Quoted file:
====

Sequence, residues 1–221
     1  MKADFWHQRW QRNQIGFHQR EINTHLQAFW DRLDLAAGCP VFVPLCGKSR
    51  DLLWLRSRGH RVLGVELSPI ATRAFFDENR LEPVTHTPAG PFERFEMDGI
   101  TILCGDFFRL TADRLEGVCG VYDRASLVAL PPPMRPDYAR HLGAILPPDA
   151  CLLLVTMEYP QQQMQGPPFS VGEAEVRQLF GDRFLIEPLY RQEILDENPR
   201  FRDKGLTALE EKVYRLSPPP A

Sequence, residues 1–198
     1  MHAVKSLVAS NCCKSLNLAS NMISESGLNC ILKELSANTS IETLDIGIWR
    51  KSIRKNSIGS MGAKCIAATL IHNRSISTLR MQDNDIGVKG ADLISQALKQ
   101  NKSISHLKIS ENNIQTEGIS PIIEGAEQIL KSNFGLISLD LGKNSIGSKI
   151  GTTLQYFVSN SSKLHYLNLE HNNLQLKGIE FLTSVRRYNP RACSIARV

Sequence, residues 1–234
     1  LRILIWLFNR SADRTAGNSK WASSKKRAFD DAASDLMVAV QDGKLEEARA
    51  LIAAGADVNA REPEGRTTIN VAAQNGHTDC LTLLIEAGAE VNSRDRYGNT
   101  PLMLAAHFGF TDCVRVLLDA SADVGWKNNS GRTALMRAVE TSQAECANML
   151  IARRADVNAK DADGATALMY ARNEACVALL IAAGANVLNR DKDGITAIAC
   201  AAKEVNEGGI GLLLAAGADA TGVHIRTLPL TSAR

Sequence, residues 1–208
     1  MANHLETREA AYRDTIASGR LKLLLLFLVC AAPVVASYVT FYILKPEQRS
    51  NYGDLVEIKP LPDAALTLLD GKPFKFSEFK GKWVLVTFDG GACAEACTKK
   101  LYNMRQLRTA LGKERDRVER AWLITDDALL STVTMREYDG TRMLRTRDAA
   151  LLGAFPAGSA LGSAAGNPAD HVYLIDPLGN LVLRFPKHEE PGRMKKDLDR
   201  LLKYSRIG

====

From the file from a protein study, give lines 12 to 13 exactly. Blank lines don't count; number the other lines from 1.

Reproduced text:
Sequence, residues 1–234
     1  LRILIWLFNR SADRTAGNSK WASSKKRAFD DAASDLMVAV QDGKLEEARA